The Department of Physics at King's College London is active in outreach both nationally and internationally.
Within the UK, we aim to foster interest in science and physics in the general public, and in particular to foster such interest in school-age students. Some of the resources on this page are intended to help teachers and prospective students learn more about what kind of research is done in the physics department at King's, what the most exciting areas of current research in physics are, and where a career in physics can take you.
The department is actively developing an international outreach programme building on some of the existing international projects that department members are working on. Several of these projects provide physics training and education to countries which, for a multitude of reasons, are lacking resources and manpower to conduct high level science research, leading to isolation from the international scientific community.
Professor Bobby Acharya
The Department of Physics hosts termly lecture evenings to give students a taste of what is it like to study physics at university level.
The African School of Fundamental Physics and Applications is an intensive, postgraduate summer school which takes place in a different African country every two years. Between 60 and 70 of the brightest postgraduate physics students from all over Africa are selected and sponsored to attend the school which provides courses on everything ranging from theoretical particle physics and cosmology to experimental particle detection techniques to data analysis and computing to applications such as medical physics.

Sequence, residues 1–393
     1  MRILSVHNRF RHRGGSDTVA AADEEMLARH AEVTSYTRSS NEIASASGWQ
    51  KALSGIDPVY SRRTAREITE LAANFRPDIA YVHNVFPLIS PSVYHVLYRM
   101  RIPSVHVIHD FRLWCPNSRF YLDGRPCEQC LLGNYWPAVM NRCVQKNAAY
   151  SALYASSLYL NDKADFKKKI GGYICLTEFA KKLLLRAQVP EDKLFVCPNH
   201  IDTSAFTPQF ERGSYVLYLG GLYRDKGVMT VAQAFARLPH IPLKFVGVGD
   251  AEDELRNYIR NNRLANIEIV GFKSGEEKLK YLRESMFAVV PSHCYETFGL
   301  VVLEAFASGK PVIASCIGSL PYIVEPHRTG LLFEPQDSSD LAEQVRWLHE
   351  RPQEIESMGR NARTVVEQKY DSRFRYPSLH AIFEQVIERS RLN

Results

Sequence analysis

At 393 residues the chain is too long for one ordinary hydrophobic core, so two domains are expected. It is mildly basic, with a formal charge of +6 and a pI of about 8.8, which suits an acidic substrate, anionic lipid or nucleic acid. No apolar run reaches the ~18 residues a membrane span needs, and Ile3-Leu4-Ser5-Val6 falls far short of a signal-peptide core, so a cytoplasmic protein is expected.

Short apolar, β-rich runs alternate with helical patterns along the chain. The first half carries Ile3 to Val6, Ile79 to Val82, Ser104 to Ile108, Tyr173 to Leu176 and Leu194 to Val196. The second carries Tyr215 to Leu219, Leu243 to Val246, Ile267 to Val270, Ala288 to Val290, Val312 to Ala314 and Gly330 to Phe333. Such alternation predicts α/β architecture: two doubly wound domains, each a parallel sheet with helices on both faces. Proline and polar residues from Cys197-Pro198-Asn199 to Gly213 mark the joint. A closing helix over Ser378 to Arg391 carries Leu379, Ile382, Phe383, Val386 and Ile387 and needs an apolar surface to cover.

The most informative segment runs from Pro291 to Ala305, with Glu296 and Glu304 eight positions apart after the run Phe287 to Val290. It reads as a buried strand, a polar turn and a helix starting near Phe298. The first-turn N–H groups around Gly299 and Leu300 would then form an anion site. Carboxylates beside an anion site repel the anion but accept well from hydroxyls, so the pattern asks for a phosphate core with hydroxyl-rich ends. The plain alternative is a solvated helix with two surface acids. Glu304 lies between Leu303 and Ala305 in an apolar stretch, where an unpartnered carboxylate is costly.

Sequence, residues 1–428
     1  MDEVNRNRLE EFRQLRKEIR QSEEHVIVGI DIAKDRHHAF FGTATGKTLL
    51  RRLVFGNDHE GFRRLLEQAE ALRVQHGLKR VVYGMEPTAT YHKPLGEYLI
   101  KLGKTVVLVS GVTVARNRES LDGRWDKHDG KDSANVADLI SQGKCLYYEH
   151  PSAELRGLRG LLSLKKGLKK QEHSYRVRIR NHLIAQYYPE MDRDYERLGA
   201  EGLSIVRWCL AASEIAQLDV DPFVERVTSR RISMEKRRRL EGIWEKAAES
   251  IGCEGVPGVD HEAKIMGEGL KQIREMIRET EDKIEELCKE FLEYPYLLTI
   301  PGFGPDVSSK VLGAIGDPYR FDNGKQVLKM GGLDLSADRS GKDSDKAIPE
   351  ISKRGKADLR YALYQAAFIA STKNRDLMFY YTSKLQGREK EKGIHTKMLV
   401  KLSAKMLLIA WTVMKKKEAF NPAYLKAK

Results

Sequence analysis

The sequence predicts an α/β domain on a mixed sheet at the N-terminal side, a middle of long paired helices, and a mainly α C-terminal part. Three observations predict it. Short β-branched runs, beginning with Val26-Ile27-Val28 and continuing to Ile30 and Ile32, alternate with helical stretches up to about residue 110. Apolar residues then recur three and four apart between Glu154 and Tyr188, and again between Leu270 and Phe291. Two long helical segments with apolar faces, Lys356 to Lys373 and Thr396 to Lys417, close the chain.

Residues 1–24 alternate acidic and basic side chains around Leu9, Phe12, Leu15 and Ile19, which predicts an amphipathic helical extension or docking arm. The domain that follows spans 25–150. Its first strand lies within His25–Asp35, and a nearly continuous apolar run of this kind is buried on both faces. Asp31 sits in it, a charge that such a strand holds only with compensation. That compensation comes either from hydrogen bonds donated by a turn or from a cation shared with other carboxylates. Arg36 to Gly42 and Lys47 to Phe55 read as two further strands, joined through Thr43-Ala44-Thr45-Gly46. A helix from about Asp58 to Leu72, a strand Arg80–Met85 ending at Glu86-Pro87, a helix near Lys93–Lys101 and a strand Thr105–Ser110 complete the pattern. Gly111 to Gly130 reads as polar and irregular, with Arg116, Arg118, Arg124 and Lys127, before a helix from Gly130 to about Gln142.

King's physicists Professor Bobby Acharya and Professor John Ellis have been amongst the five members of the International Organising Committee of the schools since their inception and have played a key role in founding and establishing the schools. Both regularly give lectures and courses and tutorials at the schools.
Following several successful PhDs in experimental particle physics by young Palestinian physicists, this course aims to stimulate interest in particle physics in Palestine at the undergraduate/masters level and is a collaboration between Birzeit University in Palestine, The International Centre for Theoretical Physics (ICTP) in Italy and the Department of Physics, King's College London.
The course is a full 45 hour undergraduate/masters course in Particle Physics and is taught at Birzeit University in West Bank, Palestine. Most of the students (more than 90%) are women.
Graduates from the course have conducted research at the SESAME international synchotron facility and studied for a PhD in particle physics in Paris.
Find out more about the Department of Physics at King's College London.
Meet the Department of Physics, King's College London.
Find out about undergraduate courses in the Department of Physics.
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